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Vigil held in Montreal for Abdirahman Abdi, who died after struggle with Ottawa police

A vigil was held at Bethune Square to remember Abdirahman Abdi, who allegedly beaten to death by Ottawa police.
A vigil was held at Bethune Square to remember Abdirahman Abdi, who allegedly beaten to death by Ottawa police. Sylvain Trudeau / Global News

A vigil was held downtown Montreal Thursday to honour Abdirahman Abdi, a Somali-Canadian man who died in hospital after a violent struggle with Ottawa police on Sunday.

Abdi, 37, suffered from mental illness, according to family members.

He was filmed by a bystander allegedly being hit repeatedly by police officers.

He was taken to hospital in critical condition on Sunday, but died on Monday.

Protesters at the vigil, held near Concordia University, said they believe what happened was unacceptable.

The protest was organized by Montréal-Noir and Justice for the Victims of Police Killings Coalition, groups that suggest Canada is not immune to police brutality.

Robyn Maynard, a spokesperson for Montréal-Noir, said too many black people are dead at the hands of the police.

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She said Abdi’s vigil is the sixth she has attended since January.

“They need to stop racial profiling now,” Maynard said.

“Their treatment of our black communities are violent, are horrific and make our lives extremely difficult to live because of this generalized fear that there is.”

“I think they need to find just find another solution, there needs to be someone else that deals with people with mental health issues because the police are not able to do so in a manner that is safe for us.”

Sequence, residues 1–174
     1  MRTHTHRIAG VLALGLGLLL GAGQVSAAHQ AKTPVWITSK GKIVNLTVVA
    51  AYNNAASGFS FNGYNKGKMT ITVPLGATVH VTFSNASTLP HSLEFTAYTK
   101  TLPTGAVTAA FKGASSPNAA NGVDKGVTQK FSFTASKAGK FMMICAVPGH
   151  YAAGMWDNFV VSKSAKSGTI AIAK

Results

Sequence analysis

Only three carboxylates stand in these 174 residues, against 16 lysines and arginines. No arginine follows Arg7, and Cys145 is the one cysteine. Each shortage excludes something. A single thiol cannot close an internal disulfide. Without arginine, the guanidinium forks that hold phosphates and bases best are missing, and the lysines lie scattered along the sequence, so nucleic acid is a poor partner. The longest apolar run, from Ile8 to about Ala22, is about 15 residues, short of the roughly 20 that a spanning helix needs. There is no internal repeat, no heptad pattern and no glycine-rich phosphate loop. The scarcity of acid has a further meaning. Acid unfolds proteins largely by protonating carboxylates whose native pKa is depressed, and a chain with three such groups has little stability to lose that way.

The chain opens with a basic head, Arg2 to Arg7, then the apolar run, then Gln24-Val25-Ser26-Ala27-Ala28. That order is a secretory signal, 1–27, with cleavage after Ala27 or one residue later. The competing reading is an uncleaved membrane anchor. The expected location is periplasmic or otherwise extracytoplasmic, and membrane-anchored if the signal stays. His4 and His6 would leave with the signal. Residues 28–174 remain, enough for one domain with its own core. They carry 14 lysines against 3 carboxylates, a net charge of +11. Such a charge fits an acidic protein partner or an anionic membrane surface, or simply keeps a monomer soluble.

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READ MORE: Death of Abdirahman Abdi fuels calls for police training reforms

Matt Skof, president of the Ottawa Police Association, has said it would be “inappropriate” to imply race played a role in the incident.

“In a situation like this, race is simply a fact to the case. I mean, this is no different than gender or height,” said Skof, adding that police were responding to an assault-related call from the public, as required.

Skof said the suggestion that race was a motivating factor is being fuelled by events in the U.S., which he believes is misplaced.

READ MORE: Muslim group wants to know if racism played role in death of Ottawa man after arrest

Ontario’s Special Investigations Unit (SIU), the province’s police watchdog, is now probing the actions of the two Ottawa police officers.

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Global News has learned the officers are Const. David Weir and Const. Daniel Montsion.

Neither officer has been charged.

Ottawa Police Service confirmed to Global News Wednesday the two officers are still on the job and there has been “no change to their status.”

With files from Global’s Shirlee Engel and The Canadian Press.